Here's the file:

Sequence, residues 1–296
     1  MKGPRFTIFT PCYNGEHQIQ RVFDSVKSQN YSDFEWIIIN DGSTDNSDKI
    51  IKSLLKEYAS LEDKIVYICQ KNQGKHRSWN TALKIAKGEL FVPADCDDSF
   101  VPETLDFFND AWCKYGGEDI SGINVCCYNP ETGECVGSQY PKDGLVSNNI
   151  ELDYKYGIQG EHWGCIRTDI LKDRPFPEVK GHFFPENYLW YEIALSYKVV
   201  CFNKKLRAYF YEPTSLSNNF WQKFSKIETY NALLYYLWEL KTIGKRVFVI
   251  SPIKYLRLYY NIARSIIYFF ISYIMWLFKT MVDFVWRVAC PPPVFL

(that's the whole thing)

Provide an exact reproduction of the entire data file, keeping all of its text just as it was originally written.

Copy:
Sequence, residues 1–296
     1  MKGPRFTIFT PCYNGEHQIQ RVFDSVKSQN YSDFEWIIIN DGSTDNSDKI
    51  IKSLLKEYAS LEDKIVYICQ KNQGKHRSWN TALKIAKGEL FVPADCDDSF
   101  VPETLDFFND AWCKYGGEDI SGINVCCYNP ETGECVGSQY PKDGLVSNNI
   151  ELDYKYGIQG EHWGCIRTDI LKDRPFPEVK GHFFPENYLW YEIALSYKVV
   201  CFNKKLRAYF YEPTSLSNNF WQKFSKIETY NALLYYLWEL KTIGKRVFVI
   251  SPIKYLRLYY NIARSIIYFF ISYIMWLFKT MVDFVWRVAC PPPVFL